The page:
“It’s just over...”

Nick Cave has spoken about the end of his relationship with PJ Harvey.

The two became involved in the mid 90s, and the demise of their time together prompted his heart-on-sleeve 1997 album 'The Boatman's Call'.

Nick Cave was asked about the relationship in the latest missive from The Red Hand Files, his slow-communication ask-me-anything with fans.

One fan queried: "Why did you give up on your relationship with PJ Harvey in the 90s? I love her music. I think she’s an amazing person and she writes brilliant songs."

To which Nick Cave responded:

The truth of the matter is that I didn’t give up on PJ Harvey, PJ Harvey gave up on me. There I am, sitting on the floor of my flat in Notting Hill, sun streaming through the window (maybe), feeling good, with a talented and beautiful young singer for a girlfriend, when the phone rings. I pick up the phone and it’s Polly.

“Hi,” I say
“I want to break up with you.”
“Why?!” I ask.
“It’s just over,” she says.

It seems that narcissism, the creative temperament, and rampant drug use - "I was so surprised I almost dropped my syringe" - drove the two apart, with the Australian songwriter explaining:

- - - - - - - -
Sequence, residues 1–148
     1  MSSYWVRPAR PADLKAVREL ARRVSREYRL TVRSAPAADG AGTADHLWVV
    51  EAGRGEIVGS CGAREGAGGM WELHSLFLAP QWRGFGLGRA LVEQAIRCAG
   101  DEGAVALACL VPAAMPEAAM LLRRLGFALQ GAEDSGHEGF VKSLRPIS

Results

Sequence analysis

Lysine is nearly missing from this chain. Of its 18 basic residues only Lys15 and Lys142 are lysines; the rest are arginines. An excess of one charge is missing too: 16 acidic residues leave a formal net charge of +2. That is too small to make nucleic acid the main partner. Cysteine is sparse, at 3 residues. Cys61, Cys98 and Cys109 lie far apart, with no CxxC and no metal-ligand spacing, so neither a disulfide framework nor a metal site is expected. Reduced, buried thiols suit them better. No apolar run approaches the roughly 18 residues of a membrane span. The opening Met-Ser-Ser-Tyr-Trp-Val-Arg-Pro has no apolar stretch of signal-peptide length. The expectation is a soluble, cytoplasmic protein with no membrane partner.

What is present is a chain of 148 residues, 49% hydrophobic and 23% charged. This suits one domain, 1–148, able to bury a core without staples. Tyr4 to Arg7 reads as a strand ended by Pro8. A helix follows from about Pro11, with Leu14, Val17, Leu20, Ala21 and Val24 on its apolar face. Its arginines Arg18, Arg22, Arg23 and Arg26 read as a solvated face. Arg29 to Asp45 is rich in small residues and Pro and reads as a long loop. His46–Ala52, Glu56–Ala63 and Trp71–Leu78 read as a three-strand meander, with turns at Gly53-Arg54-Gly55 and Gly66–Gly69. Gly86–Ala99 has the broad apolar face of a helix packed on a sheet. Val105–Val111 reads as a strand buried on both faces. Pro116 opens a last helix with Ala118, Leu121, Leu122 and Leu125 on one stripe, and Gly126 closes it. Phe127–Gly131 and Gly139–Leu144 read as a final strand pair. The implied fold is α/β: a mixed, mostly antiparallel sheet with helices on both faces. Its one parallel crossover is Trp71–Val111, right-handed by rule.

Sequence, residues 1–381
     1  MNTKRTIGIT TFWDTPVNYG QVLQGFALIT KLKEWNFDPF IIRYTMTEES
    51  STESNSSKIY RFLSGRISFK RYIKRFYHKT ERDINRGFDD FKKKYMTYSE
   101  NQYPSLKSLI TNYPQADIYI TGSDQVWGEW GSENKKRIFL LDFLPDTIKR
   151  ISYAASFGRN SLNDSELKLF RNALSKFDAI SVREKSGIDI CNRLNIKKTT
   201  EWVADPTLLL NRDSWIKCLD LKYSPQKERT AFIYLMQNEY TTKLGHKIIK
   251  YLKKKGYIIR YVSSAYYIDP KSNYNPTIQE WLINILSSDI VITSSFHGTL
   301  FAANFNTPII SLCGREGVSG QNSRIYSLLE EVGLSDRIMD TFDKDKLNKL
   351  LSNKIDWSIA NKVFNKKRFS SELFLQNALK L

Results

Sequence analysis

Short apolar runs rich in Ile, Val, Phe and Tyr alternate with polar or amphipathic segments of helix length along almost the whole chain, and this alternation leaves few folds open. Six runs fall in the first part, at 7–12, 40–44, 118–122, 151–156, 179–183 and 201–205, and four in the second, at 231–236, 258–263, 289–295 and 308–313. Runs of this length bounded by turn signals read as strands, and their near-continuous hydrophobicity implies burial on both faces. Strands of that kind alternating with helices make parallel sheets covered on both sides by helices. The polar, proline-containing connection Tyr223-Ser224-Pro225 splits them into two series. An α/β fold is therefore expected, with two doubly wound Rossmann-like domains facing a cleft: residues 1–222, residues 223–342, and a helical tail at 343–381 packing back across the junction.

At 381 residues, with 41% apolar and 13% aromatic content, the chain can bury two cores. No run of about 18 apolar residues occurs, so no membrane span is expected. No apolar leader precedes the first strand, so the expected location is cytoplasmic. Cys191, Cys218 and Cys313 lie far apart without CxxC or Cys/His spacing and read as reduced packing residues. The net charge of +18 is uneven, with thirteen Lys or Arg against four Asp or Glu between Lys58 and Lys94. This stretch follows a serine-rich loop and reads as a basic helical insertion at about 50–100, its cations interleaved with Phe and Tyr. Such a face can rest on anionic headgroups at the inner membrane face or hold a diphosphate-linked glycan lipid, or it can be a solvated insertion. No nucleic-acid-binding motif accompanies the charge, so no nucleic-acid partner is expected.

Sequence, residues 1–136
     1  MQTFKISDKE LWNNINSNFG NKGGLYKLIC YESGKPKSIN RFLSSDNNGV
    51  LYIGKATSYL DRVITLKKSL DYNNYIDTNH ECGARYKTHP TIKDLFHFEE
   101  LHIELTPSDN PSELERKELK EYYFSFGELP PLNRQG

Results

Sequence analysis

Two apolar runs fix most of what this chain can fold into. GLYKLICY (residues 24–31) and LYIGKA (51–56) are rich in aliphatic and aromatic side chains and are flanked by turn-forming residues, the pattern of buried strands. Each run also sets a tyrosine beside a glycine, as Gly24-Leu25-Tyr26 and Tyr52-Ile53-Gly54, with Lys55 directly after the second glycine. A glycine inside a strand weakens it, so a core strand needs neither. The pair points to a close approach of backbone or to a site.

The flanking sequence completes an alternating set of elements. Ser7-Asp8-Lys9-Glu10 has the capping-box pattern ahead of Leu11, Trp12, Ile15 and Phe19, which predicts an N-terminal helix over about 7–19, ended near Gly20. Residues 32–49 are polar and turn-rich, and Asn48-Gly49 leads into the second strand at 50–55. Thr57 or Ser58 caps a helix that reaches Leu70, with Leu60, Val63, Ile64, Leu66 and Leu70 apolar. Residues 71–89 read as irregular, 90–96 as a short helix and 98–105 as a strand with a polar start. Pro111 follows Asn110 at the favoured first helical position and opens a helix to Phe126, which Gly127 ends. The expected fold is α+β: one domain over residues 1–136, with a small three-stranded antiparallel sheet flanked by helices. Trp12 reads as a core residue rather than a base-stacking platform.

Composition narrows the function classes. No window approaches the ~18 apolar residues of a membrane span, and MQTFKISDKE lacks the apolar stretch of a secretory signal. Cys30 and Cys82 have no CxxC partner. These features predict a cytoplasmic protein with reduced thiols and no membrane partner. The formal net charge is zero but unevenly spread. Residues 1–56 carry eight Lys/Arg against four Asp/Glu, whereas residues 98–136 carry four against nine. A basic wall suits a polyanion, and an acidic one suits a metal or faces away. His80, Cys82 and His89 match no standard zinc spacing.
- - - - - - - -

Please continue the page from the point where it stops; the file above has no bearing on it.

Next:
I still had a certain amount of work to do on my understanding of the concept of monogamy, and Polly had her own issues, I suspect, but I think at the end of the day it came down to the fact that we were both fiercely creative people, each too self-absorbed to ever be able to inhabit the same space in any truly meaningful way. We were like two lost matching suitcases, on a carousel going nowhere.

Songwriting completely consumed me at that time. It was not what I did, but what I was. It was the very essence of me. Polly’s commitment to her own work was probably as narcissistic and egomaniacal as my own, although I was so deep into my own shit that I can’t really comment on this with any certainty. I remember our time together with great fondness though, they were happy days, and the phone call hurt; but never one to waste a good crisis, I set about completing 'The Boatman’s Call'.

Released in 1997, 'The Boatman's Call' remains a curiously open, highly affecting point in Cave's catalogue - it even includes a direct ode to PJ Harvey, in the form of 'West Country Girl'.

The Red Hand Files is evolving into something incredibly special - Clash writer Josh Gray goes deep in this opinion piece.

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